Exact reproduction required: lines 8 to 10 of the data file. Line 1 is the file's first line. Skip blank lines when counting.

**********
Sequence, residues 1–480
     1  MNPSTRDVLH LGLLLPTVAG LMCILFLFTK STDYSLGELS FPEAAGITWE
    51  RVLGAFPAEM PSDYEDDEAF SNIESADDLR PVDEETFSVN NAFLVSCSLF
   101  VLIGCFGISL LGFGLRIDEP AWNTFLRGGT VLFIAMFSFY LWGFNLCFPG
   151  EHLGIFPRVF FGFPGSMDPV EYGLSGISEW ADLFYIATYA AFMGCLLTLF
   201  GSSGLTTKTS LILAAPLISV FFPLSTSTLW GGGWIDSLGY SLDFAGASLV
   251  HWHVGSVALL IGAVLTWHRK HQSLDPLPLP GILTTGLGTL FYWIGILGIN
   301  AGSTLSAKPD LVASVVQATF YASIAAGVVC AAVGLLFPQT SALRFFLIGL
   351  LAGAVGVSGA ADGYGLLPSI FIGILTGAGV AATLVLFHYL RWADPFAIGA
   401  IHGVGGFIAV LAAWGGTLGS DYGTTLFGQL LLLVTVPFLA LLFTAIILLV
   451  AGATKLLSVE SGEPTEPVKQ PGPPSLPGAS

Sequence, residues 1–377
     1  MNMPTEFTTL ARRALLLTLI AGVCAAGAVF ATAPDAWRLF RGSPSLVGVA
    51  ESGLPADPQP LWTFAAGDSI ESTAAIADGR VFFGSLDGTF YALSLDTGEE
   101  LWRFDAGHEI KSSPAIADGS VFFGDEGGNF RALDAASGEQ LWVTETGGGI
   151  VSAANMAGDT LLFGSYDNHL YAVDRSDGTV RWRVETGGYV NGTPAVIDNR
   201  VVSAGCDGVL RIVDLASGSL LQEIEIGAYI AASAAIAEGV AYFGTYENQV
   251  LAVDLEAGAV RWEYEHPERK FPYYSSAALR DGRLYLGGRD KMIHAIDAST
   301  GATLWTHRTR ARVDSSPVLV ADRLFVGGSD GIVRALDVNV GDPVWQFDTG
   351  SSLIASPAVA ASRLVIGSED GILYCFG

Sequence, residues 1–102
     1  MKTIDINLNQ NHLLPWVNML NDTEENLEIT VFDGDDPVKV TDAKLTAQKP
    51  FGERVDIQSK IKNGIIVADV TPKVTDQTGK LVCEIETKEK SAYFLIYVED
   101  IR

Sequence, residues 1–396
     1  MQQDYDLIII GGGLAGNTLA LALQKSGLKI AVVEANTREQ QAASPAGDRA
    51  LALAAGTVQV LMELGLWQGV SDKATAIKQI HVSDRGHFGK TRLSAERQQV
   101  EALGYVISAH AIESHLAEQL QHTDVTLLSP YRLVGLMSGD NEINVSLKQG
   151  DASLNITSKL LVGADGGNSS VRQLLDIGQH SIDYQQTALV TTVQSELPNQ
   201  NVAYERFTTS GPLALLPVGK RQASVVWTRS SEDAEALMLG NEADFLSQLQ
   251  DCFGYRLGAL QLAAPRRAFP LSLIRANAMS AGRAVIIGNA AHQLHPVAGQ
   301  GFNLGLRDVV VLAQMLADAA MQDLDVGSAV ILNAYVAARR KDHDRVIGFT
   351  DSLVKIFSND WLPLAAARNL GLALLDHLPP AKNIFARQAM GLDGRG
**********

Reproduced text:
   301  AGSTLSAKPD LVASVVQATF YASIAAGVVC AAVGLLFPQT SALRFFLIGL
   351  LAGAVGVSGA ADGYGLLPSI FIGILTGAGV AATLVLFHYL RWADPFAIGA
   401  IHGVGGFIAV LAAWGGTLGS DYGTTLFGQL LLLVTVPFLA LLFTAIILLV